If you have been hurriedly using the last few weeks to prepare for London’s Future Food Tech summit by carefully reading, re-reading, and re-re-reading this 18-startup food tech cheat sheet, then here’s some more good news: there’s also this one which we’ve had stuffed in our back pocket for the World Agri-Tech Innovation Summit this week in London.
The cheat-sheet below comprises 14 international agri-tech start-ups that will present their tech at the World Agri-Tech Innovation Summit in London on October 15-16; they come with a special seal of approval from the organizers, the Brighton-based Rethink Events. Like the other cheat-sheet AFN got from them, these are not award winners, at least not yet; but they are an agtech startup list that Rethink reckons is worth looking out for, like interesting new music albums that might hit the big time.
Call them the Rethink 14, kind of like Ocean’s 11 or 12, but more innovative. They range from crop protection that harnesses the power of amoeba, to precision-guided insect technologies to eliminate non-organic pesticides; from bee vaccines, to early warning sensors to protect hive health. Also showcased are the latest in precision agricultural platforms to monitor crop growing cycles, livestock location or water ecosystems, and soil or leaf analysis tools to optimise crop-specific plant nutrition.
You’ll find many of them showing off their bags of tricks at the various Technology Showcase pitching sessions, or prowling round the TechHub networking area, hunting down investors, corporates or collaborators.
This year, Barclays’ Eagle Labs has been unveiled as the Innovation Partner and sponsor of the TechHub area for start-ups — so don’t be too surprised to see their merchandise draped all over the shop. “Together,” says Roxanne Martin, Eagle Labs AgriTech Innovation Lead for Barclays, “we can leverage our networks and specialist partners to position them at the front of new technology adoption, advancing the future of agriculture.”
But that’s enough from Barclay’s, at least for now: AFN has been talking to Mark Suthern, head of Agriculture at the British banking behemoth, ahead of the event, and expect a summary of his views on the UK agtech ecosystem over the next few weeks. But without further ado, back to the Rethink 14.
The Rethink 14
Agragene (US) commercialises eco-friendly products using CRISPR-based genome engineering. The company has developed TransDominant technology for hybrid seed production platforms and Precision-Guided Sterile Insect Technology to target crop pests. Agragene has created Knock-Out, a sterile male spotted wing drosophila which eliminates non-organic pesticide use in berries and stone fruits. The product reduces pesticide residues in multiple food crops and is cheaper for growers, non-toxic to farm workers and consumers, and completely safe for beneficial organisms.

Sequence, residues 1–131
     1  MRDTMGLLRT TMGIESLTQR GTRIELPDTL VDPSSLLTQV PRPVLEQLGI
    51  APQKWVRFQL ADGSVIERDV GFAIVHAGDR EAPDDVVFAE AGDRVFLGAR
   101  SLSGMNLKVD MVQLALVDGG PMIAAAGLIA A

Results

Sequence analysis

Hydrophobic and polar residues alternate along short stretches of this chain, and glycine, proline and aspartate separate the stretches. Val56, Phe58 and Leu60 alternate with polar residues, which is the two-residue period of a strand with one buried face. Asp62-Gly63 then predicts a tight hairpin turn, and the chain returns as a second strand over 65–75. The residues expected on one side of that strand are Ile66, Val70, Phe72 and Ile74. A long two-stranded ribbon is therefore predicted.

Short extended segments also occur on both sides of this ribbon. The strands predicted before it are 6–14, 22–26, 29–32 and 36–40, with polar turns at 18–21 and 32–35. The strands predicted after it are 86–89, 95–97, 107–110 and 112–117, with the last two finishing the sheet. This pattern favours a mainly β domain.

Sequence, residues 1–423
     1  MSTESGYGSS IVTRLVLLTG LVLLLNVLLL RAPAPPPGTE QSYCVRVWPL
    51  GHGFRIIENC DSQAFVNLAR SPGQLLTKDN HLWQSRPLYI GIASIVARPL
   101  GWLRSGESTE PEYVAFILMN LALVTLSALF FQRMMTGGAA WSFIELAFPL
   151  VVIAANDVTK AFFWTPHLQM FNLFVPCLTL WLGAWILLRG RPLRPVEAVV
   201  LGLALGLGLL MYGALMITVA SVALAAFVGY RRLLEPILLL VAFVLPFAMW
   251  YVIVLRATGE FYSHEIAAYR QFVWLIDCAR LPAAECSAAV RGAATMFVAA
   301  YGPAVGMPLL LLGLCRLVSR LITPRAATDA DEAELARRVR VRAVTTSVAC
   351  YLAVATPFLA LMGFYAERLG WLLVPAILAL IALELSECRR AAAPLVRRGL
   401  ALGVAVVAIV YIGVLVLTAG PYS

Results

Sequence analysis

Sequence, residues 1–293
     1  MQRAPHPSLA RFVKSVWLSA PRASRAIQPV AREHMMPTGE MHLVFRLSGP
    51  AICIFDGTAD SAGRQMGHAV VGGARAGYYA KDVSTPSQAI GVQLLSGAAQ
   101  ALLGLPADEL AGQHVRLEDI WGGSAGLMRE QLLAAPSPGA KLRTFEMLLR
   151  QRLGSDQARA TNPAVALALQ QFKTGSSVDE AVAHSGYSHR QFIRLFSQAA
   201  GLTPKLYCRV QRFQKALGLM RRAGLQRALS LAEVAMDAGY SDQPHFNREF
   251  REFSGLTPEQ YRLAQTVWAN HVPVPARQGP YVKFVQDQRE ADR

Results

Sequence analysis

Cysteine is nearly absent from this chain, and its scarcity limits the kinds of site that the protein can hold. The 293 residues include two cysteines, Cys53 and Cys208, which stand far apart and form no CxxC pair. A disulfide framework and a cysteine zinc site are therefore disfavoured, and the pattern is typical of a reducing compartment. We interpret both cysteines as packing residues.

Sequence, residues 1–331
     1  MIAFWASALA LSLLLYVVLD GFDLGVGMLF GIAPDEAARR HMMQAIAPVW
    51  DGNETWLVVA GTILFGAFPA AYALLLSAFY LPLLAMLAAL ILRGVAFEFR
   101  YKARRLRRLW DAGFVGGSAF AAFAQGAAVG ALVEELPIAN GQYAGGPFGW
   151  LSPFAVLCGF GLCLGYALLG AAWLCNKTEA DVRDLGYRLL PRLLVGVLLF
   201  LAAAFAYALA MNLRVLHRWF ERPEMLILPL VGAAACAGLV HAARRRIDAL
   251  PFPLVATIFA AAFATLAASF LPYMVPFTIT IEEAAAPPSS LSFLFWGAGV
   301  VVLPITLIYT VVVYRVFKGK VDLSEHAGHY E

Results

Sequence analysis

AmebaGone (US) is fighting persistent bacterial infections of crops using the natural predatory power of microorganisms called Dictyostelid amoeba (Dicty). Its biological approach relies on the bacterivorous nature of Dicty and their ability to penetrate and disperse bacterial biofilms while leaving the plant surface unharmed and safe to eat. With over 3,000 Dicty strains collected from diverse geographic and climactic regions, AmebaGone can select Dicty that is ideally suited to diverse growing and storage environments.
ApisProtect (Ireland) brings the power of sensors and machine learning technology into the hive to deliver a 24/7 early warning system; beekeepers can use this system to target at-risk hives, giving them immediate attention when needed, and improve bee health. Combining the sensor data on hive conditions, health and activity levels with its proprietary big data and machine learning techniques, ApisProtect gives beekeepers actionable insights and alerts to help prevent losses and increase colony productivity.
Dalan Animal Health (US) is a developer of vaccine technologies that protects the world’s honey bees from devastating diseases and secures access to safe and affordable foods for the future. Multiple factors, including increasing prevalence of disease, is contributing to the rapid decline in bee populations worldwide. Dalan’s environmentally friendly approach aims to ensure the sustained performance necessary for crop pollination and high-quality honey production.